access to the session.
SSH sessions cannot be hijacked, once established.
SSH connections are encrypted. Data in transit cannot be feasibly
sniffed, even over open or shared network segments.
X Security Bulletins & Resources
Bulletins and resources concerning X Window System security.
UNIX Security Checklist v2.0
12.1 X Security - General
- DO read the man pages for xauth and Xsecurity. Use this
information to set up the security level you require.
- ENSURE that the permissions on /tmp are set to 1777. (i.e. the
sticky bit should be set) The owner MUST always be root and group
ownership should be set to group-id 0 or "system". If the sticky
bit is set, no one other than the owner can delete the file
/tmp/.X11-unix/X0, which is a socket for your X server. Once this
file is deleted, your X server will no longer be accessible. See
C.14 for example commands to set the correct permissions and
ownership for /tmp.
- DO use the X magic cookie mechanism MIT-MAGIC-COOKIE-1 or better.
With logins under the control of xdm (see 12.2), you can turn on
authentication by editing the xdm-config file and setting the
DisplayManager*authorize attribute to true. When granting access
to the screen from another machine, use the xauth command in
preference to the xhost command.
- DO not permit access from arbitrary hosts. Remove all instances of
the xhost + command from the system-wide Xsession file, from user
.xsession files, and from any application programs or shell
scripts that use the X window system.
- CONSIDER encrypting your X network traffic, especially if you run
remote clients locally. Ssh is a useful method.
- CONSIDER configuring workstations to disable listening for
incoming X sessions over the network. This is done on some
operating systems by using the -nolisten tcp option. You should
consult your specific operating system's documentation for
UNIX Configuration Guidelines
Inappropriate network configuration file entries
Several vendors supply /etc/hosts.equiv files with a '+' (plus sign)
entry. The '+' entry should be removed from this file because it
means that your system will trust all other systems. Other files
that should not contain a '+' entry include all .rhosts files on the
system. These files should not be world-writable.
If your /usr/lib/X11/xdm/Xsession file includes an 'xhost' command
with a '+' entry, such as
remove that line. (Note that the 'xhost' command may be in a
different directory tree on your system.) If such a line remains
intact, anyone on the network can talk to the X server and
potentially insert commands into windows or read console keystrokes.
DEPARTMENT OF ENERGY INFORMATION SECURITY RESOURCE CENTER
PACIFIC NORTHWEST NATIONAL LABORATORY
ADVISORY NOTICE No. 4
October 31, 1996
XHOST+ REMOTE SCREEN CAPTURE
Anyone running xhost+ who has a valid IP of another user running
xhost+ can capture their screen image. Using a simple script and the
domain of an IP address, an individual can increment through
multiple IP addresses, and determine which computers are running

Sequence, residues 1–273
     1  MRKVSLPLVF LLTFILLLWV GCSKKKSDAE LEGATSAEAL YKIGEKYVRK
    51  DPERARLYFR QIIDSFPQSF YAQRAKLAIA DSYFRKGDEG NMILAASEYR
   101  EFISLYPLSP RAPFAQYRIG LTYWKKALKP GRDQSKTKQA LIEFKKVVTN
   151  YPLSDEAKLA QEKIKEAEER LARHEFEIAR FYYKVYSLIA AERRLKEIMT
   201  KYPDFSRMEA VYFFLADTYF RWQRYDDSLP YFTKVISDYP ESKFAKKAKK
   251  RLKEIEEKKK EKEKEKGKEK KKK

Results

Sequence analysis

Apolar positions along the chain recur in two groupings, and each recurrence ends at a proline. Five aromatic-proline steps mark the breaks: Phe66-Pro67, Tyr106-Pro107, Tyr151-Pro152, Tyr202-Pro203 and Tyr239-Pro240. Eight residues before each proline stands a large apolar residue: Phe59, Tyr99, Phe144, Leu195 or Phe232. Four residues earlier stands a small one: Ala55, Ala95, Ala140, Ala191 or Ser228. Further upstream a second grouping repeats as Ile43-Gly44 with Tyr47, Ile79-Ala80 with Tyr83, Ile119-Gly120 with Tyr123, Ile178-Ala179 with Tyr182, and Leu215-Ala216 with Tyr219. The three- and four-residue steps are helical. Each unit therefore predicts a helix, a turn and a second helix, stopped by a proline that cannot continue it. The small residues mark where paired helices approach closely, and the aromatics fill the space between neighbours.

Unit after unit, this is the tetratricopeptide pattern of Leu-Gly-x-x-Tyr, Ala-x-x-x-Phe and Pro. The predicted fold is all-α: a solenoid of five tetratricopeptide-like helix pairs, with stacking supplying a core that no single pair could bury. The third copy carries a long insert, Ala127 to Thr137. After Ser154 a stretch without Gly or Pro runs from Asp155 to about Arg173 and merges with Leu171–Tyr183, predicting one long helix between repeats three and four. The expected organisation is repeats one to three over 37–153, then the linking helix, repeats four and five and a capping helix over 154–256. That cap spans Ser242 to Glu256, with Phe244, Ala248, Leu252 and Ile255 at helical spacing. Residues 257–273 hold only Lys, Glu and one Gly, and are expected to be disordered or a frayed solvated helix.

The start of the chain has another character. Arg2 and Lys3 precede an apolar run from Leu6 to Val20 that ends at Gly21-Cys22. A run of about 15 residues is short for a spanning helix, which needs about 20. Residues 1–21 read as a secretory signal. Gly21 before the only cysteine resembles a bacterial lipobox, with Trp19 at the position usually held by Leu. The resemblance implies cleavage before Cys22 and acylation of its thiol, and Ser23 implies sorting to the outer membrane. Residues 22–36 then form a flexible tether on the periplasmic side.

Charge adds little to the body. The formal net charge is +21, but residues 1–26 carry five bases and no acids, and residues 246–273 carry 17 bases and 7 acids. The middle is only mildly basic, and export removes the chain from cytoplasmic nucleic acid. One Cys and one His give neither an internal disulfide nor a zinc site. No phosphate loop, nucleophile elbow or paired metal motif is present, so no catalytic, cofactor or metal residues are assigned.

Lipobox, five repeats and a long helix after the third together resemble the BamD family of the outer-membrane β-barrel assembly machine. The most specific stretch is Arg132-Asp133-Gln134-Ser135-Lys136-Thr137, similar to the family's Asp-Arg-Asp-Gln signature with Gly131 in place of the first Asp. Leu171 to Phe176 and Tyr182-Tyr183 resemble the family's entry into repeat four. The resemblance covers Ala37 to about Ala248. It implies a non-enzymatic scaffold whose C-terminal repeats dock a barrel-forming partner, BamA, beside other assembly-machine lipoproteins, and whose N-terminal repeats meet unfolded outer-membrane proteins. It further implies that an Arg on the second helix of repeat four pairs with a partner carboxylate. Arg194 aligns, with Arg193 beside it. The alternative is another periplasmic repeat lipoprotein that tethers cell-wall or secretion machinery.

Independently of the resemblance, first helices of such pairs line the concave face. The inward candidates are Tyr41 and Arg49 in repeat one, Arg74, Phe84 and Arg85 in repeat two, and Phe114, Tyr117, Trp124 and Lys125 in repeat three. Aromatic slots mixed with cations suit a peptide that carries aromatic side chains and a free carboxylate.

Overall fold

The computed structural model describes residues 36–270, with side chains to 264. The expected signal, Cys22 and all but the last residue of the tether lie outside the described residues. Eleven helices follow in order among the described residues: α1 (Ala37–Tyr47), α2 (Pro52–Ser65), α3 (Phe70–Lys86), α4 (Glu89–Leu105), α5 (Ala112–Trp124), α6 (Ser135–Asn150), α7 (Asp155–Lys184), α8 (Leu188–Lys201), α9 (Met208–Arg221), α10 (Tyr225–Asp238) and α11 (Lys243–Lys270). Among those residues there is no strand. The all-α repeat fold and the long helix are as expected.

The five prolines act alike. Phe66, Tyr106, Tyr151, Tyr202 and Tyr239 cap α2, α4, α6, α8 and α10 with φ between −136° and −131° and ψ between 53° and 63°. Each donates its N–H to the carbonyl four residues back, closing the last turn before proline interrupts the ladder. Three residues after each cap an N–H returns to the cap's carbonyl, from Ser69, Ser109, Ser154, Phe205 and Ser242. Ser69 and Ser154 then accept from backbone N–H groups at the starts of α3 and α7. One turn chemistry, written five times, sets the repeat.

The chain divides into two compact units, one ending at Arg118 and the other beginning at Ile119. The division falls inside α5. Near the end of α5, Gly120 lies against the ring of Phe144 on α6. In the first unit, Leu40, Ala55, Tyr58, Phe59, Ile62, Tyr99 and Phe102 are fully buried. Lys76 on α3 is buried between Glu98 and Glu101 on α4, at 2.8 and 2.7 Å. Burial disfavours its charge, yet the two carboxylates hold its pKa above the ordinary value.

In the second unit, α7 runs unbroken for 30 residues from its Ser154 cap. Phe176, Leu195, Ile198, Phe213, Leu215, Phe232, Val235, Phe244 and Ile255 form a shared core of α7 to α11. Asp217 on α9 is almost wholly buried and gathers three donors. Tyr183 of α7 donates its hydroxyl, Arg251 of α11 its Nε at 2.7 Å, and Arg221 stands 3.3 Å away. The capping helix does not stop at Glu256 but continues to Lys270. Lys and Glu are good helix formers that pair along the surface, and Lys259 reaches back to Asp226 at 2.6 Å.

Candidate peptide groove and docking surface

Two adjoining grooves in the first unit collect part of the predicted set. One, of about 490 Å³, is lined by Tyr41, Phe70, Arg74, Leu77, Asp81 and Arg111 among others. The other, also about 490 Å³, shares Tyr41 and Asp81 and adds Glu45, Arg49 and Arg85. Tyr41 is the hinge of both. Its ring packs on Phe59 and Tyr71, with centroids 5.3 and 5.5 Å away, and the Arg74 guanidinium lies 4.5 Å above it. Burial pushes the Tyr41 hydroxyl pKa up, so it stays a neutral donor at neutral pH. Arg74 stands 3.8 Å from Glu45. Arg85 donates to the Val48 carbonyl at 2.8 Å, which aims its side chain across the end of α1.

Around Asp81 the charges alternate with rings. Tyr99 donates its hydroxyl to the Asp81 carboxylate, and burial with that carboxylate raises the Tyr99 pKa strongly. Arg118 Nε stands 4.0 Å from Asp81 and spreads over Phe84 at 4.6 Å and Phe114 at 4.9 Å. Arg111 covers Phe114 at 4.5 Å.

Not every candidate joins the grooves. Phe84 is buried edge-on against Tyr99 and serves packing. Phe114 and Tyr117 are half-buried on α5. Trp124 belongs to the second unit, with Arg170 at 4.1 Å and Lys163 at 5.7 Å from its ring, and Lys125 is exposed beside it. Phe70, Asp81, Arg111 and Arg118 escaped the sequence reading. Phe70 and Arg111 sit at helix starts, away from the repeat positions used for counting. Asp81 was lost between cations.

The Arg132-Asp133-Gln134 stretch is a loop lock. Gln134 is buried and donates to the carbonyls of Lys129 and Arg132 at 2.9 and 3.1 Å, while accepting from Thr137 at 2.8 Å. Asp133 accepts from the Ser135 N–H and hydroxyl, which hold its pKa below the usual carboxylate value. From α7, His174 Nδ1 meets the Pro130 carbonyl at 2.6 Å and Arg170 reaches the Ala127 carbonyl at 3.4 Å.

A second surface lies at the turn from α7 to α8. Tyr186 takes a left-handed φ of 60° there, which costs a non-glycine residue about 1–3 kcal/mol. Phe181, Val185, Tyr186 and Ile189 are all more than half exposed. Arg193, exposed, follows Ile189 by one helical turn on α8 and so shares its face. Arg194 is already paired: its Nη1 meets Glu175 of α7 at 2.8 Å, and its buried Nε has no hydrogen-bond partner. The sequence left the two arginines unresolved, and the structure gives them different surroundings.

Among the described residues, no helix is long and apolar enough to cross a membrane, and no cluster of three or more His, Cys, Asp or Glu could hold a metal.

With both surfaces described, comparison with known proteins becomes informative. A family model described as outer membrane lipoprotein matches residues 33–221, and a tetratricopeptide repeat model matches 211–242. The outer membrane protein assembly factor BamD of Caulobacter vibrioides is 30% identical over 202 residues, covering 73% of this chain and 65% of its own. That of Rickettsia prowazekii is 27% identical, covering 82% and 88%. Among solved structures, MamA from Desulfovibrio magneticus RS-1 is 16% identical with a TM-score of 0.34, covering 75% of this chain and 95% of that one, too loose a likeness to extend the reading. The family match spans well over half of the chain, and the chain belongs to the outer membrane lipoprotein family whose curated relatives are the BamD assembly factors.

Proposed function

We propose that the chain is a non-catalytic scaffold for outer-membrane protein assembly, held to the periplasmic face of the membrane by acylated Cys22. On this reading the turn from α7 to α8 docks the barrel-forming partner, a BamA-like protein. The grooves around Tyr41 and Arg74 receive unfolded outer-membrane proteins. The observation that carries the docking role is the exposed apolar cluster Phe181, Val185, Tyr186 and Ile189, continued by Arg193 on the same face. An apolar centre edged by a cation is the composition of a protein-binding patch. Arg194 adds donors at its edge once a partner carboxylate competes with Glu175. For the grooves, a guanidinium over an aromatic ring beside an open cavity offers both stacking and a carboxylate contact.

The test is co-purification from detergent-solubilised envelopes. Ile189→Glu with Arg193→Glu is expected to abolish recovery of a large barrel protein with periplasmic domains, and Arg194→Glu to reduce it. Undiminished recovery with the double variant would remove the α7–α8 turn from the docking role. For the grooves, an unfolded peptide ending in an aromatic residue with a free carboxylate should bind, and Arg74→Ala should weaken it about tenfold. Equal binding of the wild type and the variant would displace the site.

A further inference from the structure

xhost+. An attacker can then setup a script to screen capture at
given intervals throughout the day and save the images for review.
This vulnerability is undetectable and can be run at any time.
Enabling X11 Access Control (Fixing xhost +)
The number 1 rated high risk system vulnerability noted by the
recent ISS audit of BNL was the use of "xhost +" or an open X
display. Using "xhost +" allows anyone the ability to watch your
keystrokes, capture windows and insert command strings into your
windows. This situation is particularly bad when you have root
access to a machine. There is no legitimate reason to run "xhost +".
Vulnerability Note VU#704969
X servers may have insecure default configuration of xhosts
Many X Windows emulators are configured to allow any remote X client
to open windows on the X server. On command-line based systems the
equivalent configuration is generated by executing "xhost +". This
configuration is insecure because attackers may be able to connect
to the X server and monitor keystrokes or inject commands into X
CERTŪ Advisory CA-1995-07 SATAN Vulnerability: Password Disclosure
Avoid using the xhost mechanism, but use xauth and MIT magic cookies
or better. Otherwise, unauthorized users can see and manipulate
everything that happens with the screen, keyboard and mouse. Of
course, this can also be a problem when you are not running the
SATAN program at all.
SANS PC Xwindows Security Notice 2004/10/06
It has come to our attention that some University IP space has
recently been scanned for TCP port 6000, used to serve up
X-sessions. We have reason to believe that many WINDOWS computers
running various X software (Xwin32, eXceed, and others) are being
compromised by having the equivalent of "xhost +" set.
X, when run with access permissions disabled (e.g., in "xhost +"
mode) will happily provide access to Xevent queues to anyone who
requests it. Since X events include keystrokes, window resizing and
(re)drawing, mouse movements, etc. (pretty much any user interaction
that comes to mind), it's *TRIVIAL* to do things like take screen
snapshots, move or resize windows, grab keystrokes, etc. We have
positive evidence from other Universities that keystrokes *are*
Karsten M. Self <firstname.lastname@example.org> http://kmself.home.netcom.com/
What Part of "Gestalt" don't you understand?
The question is not whether I'm paranoid, it's whether I'm paranoid enough.